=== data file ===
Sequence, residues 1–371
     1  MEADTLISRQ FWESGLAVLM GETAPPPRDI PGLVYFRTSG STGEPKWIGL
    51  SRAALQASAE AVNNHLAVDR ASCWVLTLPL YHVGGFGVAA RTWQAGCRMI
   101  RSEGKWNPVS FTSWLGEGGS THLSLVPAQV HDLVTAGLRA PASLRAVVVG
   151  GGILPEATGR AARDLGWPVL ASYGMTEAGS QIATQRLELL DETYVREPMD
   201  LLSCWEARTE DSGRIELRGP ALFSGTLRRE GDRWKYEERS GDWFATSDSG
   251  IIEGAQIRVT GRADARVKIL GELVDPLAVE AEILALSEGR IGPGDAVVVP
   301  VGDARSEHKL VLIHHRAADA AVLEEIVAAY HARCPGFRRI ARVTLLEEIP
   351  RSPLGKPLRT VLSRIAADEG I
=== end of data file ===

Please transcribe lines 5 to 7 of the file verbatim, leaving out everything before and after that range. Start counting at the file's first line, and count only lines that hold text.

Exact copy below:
   151  GGILPEATGR AARDLGWPVL ASYGMTEAGS QIATQRLELL DETYVREPMD
   201  LLSCWEARTE DSGRIELRGP ALFSGTLRRE GDRWKYEERS GDWFATSDSG
   251  IIEGAQIRVT GRADARVKIL GELVDPLAVE AEILALSEGR IGPGDAVVVP